On October 14, 2014, the plaintiff served a four count complaint on the defendants. The first two counts set forth specific allegations of negligence, as to each defendant, regarding how the scaffolding was erected and secured on the premises, and how the defendants failed to train, warn, and supervise the plaintiff regarding use of the scaffolding. The third and fourth counts alleged negligence, again as to each defendant, under the doctrine of res ipsa loquitur. The defendants pleaded a number of special defenses alleging, inter alia, that the plaintiff's own actions were the proximate cause of his injuries and that he failed to exercise proper care when using the scaffolding. During a six day jury trial, the plaintiff and Timothy S. testified that they were uncertain whether the scaffolding was attached securely to the building on the day of the accident. The plaintiff's expert witness, however, testified that, on the basis of a reasonable degree of professional certainty, the scaffolding was not secured at the time of the accident.[2] The expert further testified that he did not ‘‘know every single component, exactly at what point [the scaffolding] started to tilt or started to fail, but . . . one way or the other . . . [the scaffolding] was not erected properly or we [would not] be here today.''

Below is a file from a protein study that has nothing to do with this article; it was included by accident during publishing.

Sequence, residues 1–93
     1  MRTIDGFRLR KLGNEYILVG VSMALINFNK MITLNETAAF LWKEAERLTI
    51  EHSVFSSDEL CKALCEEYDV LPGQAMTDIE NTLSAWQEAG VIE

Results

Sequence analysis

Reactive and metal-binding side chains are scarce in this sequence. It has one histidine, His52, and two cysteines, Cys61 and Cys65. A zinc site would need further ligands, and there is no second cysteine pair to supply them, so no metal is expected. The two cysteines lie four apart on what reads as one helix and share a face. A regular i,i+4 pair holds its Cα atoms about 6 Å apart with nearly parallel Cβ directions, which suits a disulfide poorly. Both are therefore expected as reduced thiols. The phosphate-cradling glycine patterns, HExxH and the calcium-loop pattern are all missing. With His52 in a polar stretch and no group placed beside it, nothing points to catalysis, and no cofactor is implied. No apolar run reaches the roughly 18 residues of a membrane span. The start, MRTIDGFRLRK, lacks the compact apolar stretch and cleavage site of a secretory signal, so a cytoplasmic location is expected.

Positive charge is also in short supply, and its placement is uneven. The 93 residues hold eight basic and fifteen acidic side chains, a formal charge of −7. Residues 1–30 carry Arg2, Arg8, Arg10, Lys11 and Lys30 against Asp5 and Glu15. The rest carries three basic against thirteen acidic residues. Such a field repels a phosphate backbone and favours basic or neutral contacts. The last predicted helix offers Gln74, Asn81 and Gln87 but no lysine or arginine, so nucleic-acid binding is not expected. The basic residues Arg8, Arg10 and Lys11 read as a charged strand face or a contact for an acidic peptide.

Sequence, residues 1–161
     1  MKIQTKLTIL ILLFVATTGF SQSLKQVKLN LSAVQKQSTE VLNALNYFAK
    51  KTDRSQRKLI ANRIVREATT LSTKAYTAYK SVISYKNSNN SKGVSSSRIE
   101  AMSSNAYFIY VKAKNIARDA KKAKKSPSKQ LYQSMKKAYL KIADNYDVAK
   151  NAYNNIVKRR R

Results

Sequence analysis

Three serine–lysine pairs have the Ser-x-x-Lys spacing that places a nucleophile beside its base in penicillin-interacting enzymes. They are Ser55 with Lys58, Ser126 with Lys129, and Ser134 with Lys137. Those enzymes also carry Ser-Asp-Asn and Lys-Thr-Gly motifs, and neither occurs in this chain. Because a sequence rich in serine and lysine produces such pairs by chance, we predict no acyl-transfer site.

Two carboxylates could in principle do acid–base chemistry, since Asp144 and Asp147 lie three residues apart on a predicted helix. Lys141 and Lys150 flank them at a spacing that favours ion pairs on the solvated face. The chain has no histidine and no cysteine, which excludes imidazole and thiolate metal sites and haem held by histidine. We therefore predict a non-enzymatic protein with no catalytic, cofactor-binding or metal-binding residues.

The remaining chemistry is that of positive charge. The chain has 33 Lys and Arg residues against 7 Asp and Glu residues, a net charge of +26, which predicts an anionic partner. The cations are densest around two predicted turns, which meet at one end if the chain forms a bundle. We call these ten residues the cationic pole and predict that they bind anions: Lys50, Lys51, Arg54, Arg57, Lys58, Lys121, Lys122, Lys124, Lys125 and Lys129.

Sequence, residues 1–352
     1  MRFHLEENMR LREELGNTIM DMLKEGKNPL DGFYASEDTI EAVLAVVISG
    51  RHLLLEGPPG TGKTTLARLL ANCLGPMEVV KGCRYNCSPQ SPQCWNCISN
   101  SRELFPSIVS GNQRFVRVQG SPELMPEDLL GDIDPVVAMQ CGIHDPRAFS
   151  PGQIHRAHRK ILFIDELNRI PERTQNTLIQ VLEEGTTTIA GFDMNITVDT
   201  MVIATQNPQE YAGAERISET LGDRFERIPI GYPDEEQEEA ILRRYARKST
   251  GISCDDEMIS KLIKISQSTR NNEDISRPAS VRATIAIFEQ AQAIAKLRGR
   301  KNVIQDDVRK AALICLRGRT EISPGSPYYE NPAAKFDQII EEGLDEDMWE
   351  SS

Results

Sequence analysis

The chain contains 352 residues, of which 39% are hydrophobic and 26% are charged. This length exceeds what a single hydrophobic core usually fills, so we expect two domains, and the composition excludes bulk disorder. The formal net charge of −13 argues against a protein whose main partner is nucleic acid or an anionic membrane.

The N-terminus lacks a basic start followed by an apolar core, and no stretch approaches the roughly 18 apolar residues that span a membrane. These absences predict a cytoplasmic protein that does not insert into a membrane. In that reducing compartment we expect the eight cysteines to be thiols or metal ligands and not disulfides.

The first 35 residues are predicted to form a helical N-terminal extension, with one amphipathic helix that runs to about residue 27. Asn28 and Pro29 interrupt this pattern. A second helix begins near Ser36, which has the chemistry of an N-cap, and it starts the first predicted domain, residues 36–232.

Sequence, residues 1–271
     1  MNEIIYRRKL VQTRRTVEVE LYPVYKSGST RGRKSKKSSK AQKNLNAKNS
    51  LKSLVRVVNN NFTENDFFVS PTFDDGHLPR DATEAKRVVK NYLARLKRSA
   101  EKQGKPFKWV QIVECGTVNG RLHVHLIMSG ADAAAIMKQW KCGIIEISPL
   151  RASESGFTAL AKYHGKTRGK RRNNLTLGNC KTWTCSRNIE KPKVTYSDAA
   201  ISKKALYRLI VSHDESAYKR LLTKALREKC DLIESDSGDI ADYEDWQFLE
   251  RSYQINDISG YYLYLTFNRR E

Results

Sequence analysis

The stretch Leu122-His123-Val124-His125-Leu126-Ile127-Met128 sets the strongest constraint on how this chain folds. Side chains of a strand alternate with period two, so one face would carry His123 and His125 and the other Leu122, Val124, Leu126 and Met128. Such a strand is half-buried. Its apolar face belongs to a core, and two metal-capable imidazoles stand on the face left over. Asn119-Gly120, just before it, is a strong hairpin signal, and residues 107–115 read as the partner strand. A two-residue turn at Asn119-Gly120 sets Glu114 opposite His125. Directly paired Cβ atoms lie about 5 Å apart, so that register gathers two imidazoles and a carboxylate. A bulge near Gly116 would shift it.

Before the conclusion of evidence, the plaintiff's counsel requested that the court charge the jury on the theory of res ipsa loquitur in addition to premises liability, stating: ‘‘[T]here's testimony from the defendant that he set up the scaffolding and [the plaintiff's] involvement in the setup was relatively minor in that he only brought over pieces of the components and [roped] them up to the defendant, who after receiving the components, put it together. . . . [R]egardless of [the plaintiff's] use of the scaffolding, that's not the cause of why it collapsed. The reason why it collapsed was because it was not secured to the house, so there is sufficient evidence for a res ipsa [loquitur] charge to go to the jury.''